Pirsig seems to have come into the world capable of thought—but less so of gloom. Born in 1928 in Minneapolis, Minn., he was a gifted child whose IQ was measured at 170 when he was 9 years old.
His father was a law professor who studied in England, so Pirsig learned to read and write in England. He returned to Minnesota and entered grade school so young that he was picked on. He entered university at the age of 15, flunked out, then served in the Korean War, coming home with an interest in philosophy. He eventually finished his degree and went on to get a graduate degree in Oriental philosophy from Benares Hindu University in India. And here’s where the drifting begins. Pirsig returned to the U.S. in the ’50s and began to study journalism.
To make a living, he began doing technical writing and some editing at a university newspaper where he met his first wife. For 20 years, they would move around, Pirsig doing odd jobs, occasionally teaching English composition, raising their two kids.
Without knowing it, he had begun a kind of internal philosophical quest, but the heat of his intellectual searching pushed him over the edge.
In 1960, he began the first of a series of hospital treatments for mental illness. Pirsig’s father obtained a court order to commit him to a hospital where he received electro-convulsive shock therapy. It seemed to work, but Pirsig maintains that he was not insane. “I never thought I was crazy. But I wasn’t about to tell anybody that at the time.”
Pirsig took to writing as a life raft. In 1965 he bought a motorcycle, and in 1967, began what he thought would just be a few essays on motorcycle maintenance--he was, after all, a technical writer. But the book grew into a fully fledged project.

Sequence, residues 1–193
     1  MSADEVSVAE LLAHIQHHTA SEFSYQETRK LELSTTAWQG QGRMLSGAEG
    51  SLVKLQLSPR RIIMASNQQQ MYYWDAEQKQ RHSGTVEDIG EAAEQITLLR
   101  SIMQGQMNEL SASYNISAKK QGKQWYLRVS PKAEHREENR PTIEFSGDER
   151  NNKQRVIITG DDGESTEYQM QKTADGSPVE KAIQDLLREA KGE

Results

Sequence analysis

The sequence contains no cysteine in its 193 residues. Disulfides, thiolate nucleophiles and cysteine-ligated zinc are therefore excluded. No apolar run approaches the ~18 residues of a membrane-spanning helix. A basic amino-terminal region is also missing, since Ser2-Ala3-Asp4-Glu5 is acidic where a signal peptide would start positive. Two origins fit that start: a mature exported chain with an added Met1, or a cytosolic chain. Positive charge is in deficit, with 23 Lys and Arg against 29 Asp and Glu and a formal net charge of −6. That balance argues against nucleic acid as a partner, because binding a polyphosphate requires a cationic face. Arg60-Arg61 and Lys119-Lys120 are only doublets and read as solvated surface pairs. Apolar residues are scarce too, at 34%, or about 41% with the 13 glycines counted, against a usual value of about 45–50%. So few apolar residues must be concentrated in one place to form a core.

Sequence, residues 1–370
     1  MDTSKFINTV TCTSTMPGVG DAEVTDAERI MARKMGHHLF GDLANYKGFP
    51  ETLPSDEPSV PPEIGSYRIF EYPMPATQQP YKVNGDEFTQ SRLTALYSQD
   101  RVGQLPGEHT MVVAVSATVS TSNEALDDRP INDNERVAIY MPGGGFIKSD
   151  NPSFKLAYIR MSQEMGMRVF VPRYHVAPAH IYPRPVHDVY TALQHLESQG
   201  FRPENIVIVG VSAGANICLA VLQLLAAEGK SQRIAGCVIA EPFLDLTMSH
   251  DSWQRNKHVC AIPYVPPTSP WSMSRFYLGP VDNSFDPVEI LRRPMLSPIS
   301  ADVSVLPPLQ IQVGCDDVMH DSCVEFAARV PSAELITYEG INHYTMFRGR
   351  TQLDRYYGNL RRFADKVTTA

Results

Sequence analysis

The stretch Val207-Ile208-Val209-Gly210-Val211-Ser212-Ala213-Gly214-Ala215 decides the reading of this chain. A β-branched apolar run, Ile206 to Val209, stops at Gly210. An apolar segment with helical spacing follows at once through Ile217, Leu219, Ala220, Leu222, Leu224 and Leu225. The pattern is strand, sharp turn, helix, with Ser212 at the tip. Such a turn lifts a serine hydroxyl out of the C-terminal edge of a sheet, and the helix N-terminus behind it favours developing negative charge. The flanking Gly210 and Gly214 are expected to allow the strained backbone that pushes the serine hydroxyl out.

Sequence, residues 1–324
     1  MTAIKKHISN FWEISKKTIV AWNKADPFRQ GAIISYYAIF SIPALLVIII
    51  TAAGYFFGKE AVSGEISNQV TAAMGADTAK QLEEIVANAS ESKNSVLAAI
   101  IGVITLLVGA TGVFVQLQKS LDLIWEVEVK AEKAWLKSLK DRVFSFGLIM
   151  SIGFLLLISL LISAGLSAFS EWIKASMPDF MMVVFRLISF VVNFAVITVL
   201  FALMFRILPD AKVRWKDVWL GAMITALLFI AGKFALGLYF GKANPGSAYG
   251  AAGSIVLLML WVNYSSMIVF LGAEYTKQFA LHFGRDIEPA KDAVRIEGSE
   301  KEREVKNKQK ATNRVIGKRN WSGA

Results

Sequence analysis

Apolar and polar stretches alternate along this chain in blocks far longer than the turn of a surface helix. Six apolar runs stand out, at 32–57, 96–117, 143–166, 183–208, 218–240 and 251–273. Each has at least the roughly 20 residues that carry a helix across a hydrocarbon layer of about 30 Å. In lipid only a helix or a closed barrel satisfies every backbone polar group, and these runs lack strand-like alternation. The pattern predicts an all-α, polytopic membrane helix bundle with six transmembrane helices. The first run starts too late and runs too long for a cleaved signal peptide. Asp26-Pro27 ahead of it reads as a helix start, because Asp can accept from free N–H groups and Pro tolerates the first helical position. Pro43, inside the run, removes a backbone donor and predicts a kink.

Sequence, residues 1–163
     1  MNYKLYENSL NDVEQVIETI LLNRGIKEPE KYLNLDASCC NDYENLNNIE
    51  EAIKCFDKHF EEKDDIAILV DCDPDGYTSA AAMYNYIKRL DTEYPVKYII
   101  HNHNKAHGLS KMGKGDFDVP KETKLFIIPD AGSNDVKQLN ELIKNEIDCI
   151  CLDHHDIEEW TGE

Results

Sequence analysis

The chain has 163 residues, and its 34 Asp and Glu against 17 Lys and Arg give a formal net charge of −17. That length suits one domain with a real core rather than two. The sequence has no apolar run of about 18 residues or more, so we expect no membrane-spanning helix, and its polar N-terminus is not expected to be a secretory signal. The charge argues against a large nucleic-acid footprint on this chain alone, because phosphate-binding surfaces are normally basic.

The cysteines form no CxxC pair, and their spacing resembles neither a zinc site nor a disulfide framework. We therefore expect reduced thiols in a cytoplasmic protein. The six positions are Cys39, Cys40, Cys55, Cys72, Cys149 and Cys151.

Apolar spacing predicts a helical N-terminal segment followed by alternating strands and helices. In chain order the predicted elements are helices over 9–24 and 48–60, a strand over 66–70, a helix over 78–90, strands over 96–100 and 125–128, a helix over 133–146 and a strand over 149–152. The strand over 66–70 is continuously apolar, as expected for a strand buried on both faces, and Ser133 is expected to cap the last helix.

In 1968, he wrote to 122 publishers offering sample chapters. Only one wrote back. This was enough encouragement for him. He rented a room at a flophouse and would go there from midnight until 6 a.m. to write.
Then he would go to work. Each night he went to bed at 6 p.m. “When I talk about compulsion in that book,” Pirsig says, “that’s what I mean. I was compelled to write that book.”
Pirsig admits that this regimen had as much to do with his ambitions as with “problems at home,” as he calls them. When the book finally became a bestseller, Pirsig dealt with it as best he could then felt he needed to get away. He and his wife bought a yacht and planned to travel the world. Instead they divorced.
Pirsig’s response was to keep moving, and it was in this fashion that he met his second wife, Wendy Kimball, on a boat, of course, in Florida. She was a freelance writer who wanted to interview him. He hung around for two years in Florida while she worked as a reporter, and then they started a life of travel together, down to the Bahamas, up to Maine where they were married, and across the North Atlantic to England—a trip so rough that Pirsig thought they might not make it. “I saw this bank of icebergs moving toward us very fast, and I turned to Wendy and said, 'Well, hon, it’s been nice knowing you.'”
They made it, of course, but that same year Pirsig’s son was murdered, halting their floating honeymoon. He has moved forward. He and Wendy had a daughter, Nell, in 1980.
This autumn, an academic philosopher named David A. Granger will publish a book called John Dewey, Robert Pirsig, and the Art of Living. Pirsig is overjoyed. “This really could be my white knight.”
The success of Zen has afforded Pirsig and his wife “a very nice life,” he admits, and he doesn’t want to appear ungrateful for this gift. But he adds that it is not for his sake that he wants Lila to be read. He truly believes it can help people. “I think this philosophy could address a lot of the problems we have in the world today,” he says, leaning forward, tapping the pad of paper, “just so long as people know about it.”